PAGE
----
Avenue of Art
Katonah’s new art-lover’s vibe
Art Stroll patrons visit Gallarus Art Space, a gallery in Katonah that exhibits contemporary art and early European sculptures, old master paintings, and drawings.
Photos Douglas Foulke
Katonah is becoming an arts destination, as a number of new galleries have opened their doors, and a monthly evening art stroll is bringing increased foot traffic to the many venues where art can be appreciated and purchased. “Art is how we bring people together,” says Mindy Yanish, owner of Offerings Gallery, who spearheaded the effort to coordinate nine diverse shops for the stroll. The first was held in April, and the venture has been steadily growing in popularity. “This is a collaborative event that brings the community together,” Yanish adds. The strolls feature musicians, and a number of local restaurants offer a glass of free wine to stroll patrons.
That sense of community was one of the factors that led Christopher Brescia and Sarah Ryan to open the doors to The Lane Contemporary Arts. “This town has such a natural energy—it’s really becoming a mecca for this type of event,” says Ryan. The space struck the two as ideal for contemporary art. “We wanted to complement the other galleries and offer something different,” Ryan says.
The array of art found throughout town is certainly varied. Renaissance pieces mix with contemporary ones at Gallarus Arts Space. Landscape scenes abound on the walls of Oak & Oil. 10536 Art Gallery, housed at Ebba, displays an array of local artists. Whether it’s long-time retailers such as The Eclectic Collector championing American folk crafts, and Katonah Art & Frame Shop, where the art pieces highlight the frames, or newer stores such as Old New House and Majestic Hudson, where the owners have art backgrounds, the town abounds with art.
“People are looking for experiences,” notes Viktoria Fisch, Ebba’s owner. Gregory Muenzen, owner of Gallarus, concurs with that sentiment. His gallery has also become a “salon,” says Muenzen. He notes that he’s seeing a desire for communal spaces. “I want people to engage with the art by explaining the stories behind the pieces and by offering classes and performances.” Muenzen says that with the influx of galleries and the art stroll, Katonah can become a destination town. “And having an institutional foundation with museum and library participation adds to the mixture.”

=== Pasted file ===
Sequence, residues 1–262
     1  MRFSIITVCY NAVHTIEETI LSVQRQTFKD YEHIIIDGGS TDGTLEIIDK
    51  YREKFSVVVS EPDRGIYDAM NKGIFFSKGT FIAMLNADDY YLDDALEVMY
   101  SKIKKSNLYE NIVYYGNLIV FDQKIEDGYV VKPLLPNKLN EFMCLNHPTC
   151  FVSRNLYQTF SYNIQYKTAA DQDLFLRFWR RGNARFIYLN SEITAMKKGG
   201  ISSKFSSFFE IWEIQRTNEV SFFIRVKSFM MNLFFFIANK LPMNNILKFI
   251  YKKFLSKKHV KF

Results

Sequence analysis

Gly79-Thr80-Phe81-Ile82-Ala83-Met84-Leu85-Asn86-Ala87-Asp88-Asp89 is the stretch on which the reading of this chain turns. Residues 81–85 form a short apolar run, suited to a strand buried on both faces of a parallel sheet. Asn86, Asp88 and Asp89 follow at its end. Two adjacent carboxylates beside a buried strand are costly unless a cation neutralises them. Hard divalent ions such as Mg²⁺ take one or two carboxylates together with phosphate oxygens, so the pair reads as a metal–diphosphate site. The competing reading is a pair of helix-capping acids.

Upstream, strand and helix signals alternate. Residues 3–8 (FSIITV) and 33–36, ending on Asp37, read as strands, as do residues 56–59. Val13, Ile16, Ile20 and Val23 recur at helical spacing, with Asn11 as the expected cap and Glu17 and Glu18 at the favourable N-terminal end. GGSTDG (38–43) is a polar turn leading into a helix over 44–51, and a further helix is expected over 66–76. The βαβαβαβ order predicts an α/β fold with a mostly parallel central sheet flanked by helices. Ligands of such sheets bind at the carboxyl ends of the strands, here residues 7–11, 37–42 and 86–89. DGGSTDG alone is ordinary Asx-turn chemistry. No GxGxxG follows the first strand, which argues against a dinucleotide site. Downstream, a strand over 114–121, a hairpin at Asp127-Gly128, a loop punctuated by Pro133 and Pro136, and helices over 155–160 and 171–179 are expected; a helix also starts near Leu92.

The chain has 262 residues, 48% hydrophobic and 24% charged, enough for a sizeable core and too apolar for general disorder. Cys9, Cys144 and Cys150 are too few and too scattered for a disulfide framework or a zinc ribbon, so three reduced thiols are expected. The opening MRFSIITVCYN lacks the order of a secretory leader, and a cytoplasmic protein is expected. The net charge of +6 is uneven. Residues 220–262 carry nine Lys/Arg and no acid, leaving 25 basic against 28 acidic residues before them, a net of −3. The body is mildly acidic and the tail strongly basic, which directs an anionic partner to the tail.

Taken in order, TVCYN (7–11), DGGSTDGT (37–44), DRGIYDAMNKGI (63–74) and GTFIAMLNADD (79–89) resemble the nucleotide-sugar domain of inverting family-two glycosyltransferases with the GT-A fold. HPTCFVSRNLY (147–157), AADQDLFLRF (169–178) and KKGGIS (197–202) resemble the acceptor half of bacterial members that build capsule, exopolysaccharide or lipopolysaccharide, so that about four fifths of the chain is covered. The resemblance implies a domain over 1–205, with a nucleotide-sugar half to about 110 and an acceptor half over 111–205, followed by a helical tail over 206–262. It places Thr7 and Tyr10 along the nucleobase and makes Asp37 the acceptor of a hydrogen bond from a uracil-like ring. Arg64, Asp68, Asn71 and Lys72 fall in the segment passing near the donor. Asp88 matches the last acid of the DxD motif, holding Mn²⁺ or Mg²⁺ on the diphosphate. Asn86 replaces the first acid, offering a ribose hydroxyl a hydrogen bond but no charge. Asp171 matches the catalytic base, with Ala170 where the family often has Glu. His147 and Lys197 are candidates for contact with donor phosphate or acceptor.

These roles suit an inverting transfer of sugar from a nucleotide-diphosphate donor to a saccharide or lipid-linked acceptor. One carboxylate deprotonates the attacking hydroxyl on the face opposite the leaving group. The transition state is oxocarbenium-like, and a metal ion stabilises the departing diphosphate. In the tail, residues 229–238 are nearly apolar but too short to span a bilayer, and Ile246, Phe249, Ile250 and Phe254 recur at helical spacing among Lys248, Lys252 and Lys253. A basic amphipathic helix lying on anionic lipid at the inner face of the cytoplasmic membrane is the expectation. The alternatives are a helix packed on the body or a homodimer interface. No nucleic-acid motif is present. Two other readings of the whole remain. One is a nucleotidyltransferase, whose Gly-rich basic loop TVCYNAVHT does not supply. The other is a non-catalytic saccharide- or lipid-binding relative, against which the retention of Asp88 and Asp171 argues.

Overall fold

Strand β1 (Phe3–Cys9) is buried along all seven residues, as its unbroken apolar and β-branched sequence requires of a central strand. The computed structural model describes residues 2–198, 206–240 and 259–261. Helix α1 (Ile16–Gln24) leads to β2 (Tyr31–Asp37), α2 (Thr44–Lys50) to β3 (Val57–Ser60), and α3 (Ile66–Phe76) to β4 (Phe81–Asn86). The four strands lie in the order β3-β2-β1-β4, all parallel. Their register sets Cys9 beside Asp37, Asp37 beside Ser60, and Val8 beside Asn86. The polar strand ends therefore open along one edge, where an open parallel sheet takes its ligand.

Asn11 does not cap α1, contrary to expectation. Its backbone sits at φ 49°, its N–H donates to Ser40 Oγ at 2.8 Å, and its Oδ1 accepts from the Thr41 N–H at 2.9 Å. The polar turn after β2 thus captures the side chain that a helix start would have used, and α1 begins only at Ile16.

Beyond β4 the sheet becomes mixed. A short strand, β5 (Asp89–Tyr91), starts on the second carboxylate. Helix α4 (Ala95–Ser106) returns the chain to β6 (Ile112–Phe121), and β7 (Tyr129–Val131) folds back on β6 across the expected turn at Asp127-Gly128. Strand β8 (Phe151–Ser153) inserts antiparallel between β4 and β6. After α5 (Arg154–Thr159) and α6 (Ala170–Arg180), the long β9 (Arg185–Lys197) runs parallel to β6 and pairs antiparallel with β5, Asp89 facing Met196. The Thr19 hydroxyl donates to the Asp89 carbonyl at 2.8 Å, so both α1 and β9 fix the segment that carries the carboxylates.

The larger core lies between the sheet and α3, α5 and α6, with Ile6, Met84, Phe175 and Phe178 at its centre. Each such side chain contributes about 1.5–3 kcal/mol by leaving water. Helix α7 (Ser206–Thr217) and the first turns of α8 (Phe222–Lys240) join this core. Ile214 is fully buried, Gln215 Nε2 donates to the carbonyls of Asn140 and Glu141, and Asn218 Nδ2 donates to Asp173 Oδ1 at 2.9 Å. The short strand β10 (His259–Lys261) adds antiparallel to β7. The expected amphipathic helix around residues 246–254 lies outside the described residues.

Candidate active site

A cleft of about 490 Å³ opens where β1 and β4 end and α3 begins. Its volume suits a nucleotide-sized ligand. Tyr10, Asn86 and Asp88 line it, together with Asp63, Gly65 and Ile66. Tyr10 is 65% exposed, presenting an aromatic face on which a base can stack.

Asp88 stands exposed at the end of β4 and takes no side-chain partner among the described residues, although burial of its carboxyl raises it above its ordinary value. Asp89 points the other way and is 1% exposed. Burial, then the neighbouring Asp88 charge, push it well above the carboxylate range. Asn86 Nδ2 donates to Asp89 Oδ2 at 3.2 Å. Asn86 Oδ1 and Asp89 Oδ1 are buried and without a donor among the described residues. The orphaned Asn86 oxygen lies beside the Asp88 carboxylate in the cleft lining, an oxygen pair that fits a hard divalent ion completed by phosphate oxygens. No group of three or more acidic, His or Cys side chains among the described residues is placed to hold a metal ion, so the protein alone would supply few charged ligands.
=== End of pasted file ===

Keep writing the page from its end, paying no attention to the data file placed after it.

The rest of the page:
Both the Katonah Museum of Art (KMA) and the Katonah Village Library see the strolls and the growing art scene as a boon. The museum kicks off the strolls with a special free-admission hour, docent-led tours, and snacks and drinks. “We’re helping to support the galleries, and they’re helping to bring visitors to the museum,” says KMA’s Executive Director Michael Gitlitz. He notes in speaking to directors at neighboring cultural institutions there’s a move toward, “thinking of ourselves as a cultural catch basin; we should be drawing travelers that go the Berkshires with all the riches we have here.”
The library started displaying art outside this year, and Director Mary Kane says she hopes to continue the tradition. “The pieces draw people to the library.” Kane notes that the library has collaborated with KMA and is using space at Gallarus to offer story time. “As a public institution we want to offer events everyone can take advantage of,” Kane says. And she notes that Katonah is such an “artsy community, we want to offer ways to cultivate that.”
“We love the idea of supporting local artists,” says Maxine Ganer, who with Michael Kearns owns Oak & Oil. They both note that the growth in galleries and stores displaying art and the art stroll are contributing to the health of Katonah. “Customers love coming in to the gallery to meet the artists, and the artists are encouraged that their works are being exhibited where they live.”
“Throughout the population I think there is more of an interest in collecting art; it’s no longer seen as a reserve for the elite,” KMA’s Gitlitz says. Brescia of The Lane says, “People no longer have to go into the city to experience great art.” He and Ryan are seeing a renewed interest in contemporary art, in homes having that “pop of color.” Ganer and Kearns say their customers are buying landscapes and are drawn to the horse photography. “People love beauty, and they are looking to buy local talent,” Ganer says. The Offerings’s Yanish says her customers have been responding to street art and wildlife paintings. “They are drawn to messaging, to what’s relevant.” And she speaks for other galleries when she notes that the strolls have brought an uptick in business.
(Photo: ART BUS Michael McKenzie’s gallery on wheels came to Katonah for an autumn Art Stroll.)